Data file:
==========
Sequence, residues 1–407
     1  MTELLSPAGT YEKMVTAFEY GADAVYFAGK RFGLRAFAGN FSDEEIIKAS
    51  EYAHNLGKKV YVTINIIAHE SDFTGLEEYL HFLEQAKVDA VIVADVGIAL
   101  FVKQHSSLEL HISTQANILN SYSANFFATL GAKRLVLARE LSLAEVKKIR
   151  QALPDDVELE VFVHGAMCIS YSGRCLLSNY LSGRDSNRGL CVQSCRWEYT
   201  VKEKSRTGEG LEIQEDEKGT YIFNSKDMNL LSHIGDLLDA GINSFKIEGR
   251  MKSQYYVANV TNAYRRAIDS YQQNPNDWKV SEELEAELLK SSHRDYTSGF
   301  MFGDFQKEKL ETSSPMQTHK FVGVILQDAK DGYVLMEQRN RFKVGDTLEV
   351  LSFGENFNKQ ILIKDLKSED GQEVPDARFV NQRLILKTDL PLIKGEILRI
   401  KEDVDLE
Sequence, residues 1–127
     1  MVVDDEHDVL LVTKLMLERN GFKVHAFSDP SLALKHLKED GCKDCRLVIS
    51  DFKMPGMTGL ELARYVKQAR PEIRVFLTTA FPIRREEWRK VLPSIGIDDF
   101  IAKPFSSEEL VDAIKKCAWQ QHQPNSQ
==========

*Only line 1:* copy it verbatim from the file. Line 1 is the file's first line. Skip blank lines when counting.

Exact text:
Sequence, residues 1–407